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One Flew Over the Cuckoo's Nest Introduction

A brief history on Ken Kesey, the novel's author, and an introduction to the novel itself, including its characters, symbols, motifs, and themes.
by

Peter Eliot

on 30 April 2017

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Transcript of One Flew Over the Cuckoo's Nest Introduction

Who is Ken Kesey?

Born in 1935, died in 2001

His time at Menlo was spent interviewing patients...and participating in drug studies.
One of those drugs?
LSD.
Though it's difficult to tell...

Because Kesey spent so much time in a hospital,
one of the things the novel discusses
is Behaviorism: the idea in psychology that
all behaviors are acquired through conditioning

One of the most famous behaviorists was
Ivan Pavlov, whose experiment with training dogs
is world renowned.
So he did the rational thing:
he co-authored a book about it.
What does one name a book
while on LSD?

Why "The Electric Kool-Aid Acid Test," of course.
This comic confuses the crap out of me...
Pavlov used classical conditioning
to train his dogs; using a carefully planned
conditioned stimulus
-- a bell -- dogs would
think that food was arriving and would salivate.
Allegory - typically a narrative in prose, verse, or drama that self-consciously presents its meaning through concrete symbols. The significance of a given symbol, however, is determined by the conventions of the allegory as a whole. An allegory has at least two levels of meaning: the literal level of the immediate narrative and the political, historical, philosophical or moral commentary the author intends to be recognized. Thus allegories are generally didactic in focus.
Let’s try this again:
Allegory - An imaginative device used in literature whereby a work takes on a secondary meaning conveyed by symbols and allusions. Allegories are usually meant to teach the reader.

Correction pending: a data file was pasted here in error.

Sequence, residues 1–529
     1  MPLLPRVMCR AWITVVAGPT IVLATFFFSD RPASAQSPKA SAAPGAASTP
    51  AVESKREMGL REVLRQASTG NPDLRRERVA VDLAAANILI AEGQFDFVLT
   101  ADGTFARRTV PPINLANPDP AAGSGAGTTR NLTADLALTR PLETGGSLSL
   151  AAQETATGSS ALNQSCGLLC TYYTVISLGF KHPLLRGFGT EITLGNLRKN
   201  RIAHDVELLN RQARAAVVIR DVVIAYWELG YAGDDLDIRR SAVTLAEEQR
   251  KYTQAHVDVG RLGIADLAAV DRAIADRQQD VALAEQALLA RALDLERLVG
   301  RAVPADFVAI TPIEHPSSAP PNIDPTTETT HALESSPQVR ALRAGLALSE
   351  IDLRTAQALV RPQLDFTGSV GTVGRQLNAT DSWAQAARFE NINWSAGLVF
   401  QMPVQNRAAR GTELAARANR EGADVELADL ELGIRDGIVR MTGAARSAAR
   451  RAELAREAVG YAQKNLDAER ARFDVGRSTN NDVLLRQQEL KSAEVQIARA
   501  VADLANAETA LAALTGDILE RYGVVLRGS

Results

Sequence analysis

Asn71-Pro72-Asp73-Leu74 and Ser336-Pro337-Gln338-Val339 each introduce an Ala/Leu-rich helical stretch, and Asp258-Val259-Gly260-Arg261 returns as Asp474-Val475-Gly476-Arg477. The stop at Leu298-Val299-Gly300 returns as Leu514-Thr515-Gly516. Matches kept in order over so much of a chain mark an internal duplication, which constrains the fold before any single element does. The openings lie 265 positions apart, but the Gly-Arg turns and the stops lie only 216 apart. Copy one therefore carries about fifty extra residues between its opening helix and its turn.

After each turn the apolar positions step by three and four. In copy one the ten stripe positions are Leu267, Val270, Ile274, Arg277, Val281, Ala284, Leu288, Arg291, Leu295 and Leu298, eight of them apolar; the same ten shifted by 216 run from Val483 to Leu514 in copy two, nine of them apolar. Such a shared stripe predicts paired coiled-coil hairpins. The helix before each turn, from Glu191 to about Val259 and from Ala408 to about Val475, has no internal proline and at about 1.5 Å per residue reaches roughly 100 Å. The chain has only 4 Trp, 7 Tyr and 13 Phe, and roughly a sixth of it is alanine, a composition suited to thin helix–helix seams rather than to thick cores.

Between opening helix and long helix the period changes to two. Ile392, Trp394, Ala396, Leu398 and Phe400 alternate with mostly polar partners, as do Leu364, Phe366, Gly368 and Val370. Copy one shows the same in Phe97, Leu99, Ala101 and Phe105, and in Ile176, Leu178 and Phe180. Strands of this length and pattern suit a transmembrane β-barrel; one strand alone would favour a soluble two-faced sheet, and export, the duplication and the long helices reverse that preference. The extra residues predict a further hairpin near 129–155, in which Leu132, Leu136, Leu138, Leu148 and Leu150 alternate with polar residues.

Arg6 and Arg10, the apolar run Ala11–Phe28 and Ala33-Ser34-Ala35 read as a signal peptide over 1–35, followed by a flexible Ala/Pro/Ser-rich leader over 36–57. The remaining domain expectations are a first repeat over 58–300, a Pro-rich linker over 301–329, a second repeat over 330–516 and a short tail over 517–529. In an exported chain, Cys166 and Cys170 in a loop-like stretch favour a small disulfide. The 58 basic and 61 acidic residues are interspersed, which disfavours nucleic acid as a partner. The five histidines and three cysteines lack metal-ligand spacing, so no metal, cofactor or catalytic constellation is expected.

=
Allegory
But, since the novel can be understood on more than one
level, you must be wondering what those levels are, right?
(Students looking at Mr. E right now)
On the surface:
R.P. McMurphy becomes a patient
and does his best to overcome & overthrow the tyrannical Nurse Ratched and the senseless and dehumanizing routines of the psych ward
Below the surface
: a commentary on
U.S.

Soc
iety.

Issues Discussed
Sanity
Sexuality
Nature
Freedom
Morality
Individuality
Literary Terms:
Allegory-(see previous definition)
Allusion-a passing reference to historical or fictional characters, places, events
Archetype-an image, plot, detail, or character type that occurs frequently in literature, myth, religion, or folklore and is therefore prone to elicit profound emotions
Colloquialism-a commonly used word or phrase that may be inappropriate for a formal writing
Pathetic Fallacy-when an inanimate object is given life through feelings, senses, etc.
Unreliable Narrator-when the narrator's credibility is compromised
Take 3:
This makes my brain hurt.
He considered himself a prime figure in the antiestablishment movement
After writing two novels that weren't published, he decided to work the graveyard shift at Menlo Park Veteran's Hospital in New Jersey.
Now,
One Flew Over the Cuckoo's Nest

The novel is narrated by Chief Bromden, but our main character is R.P. McMurphy. On the surface, the novel follows McMurphy as he tries to change the ways of the restrictive hospital. However, the novel is an
allegory
...Ready?
Remember what we said before about Kesey's role for the
antiestablishment movement?
Throughout the text, Chief Bromden is convinced that all of the patients are victims of The Combine: an actual machine that is meant to churn out perfect humans, and spits out (or kills) the imperfect ones.
Point of View
Identity

Symbols
McMurphy's boxer shorts
The Nurses' station glass

Fog
Motifs
Animals
One Flew
Over the
Cuckoo's Nest
by Ken Kesey
The
C
O
M
B
I
N
E
Biblical
Allusions
Themes
The Importance of Freedom
The Power of
Masculinity and Femininity
Chief Bromden
(AKA "Chief Broom")
Chief Bromden
is the narrator of the novel and is the only
character who can "see" the Combine. He suffers from many psychological disorders.
This often makes his narration problematic.
Nurse Ratched
(aka "Big Nurse")
The nurse has been working on this ward for many years. Chief describes her as having a doll face. This isn't a good thing.
Characters
R.P. McMurphy
McMurphy (called "Mack" by the other patients)
is transferred to the ward from jail. He's the ward's resident rebel.
Full transcript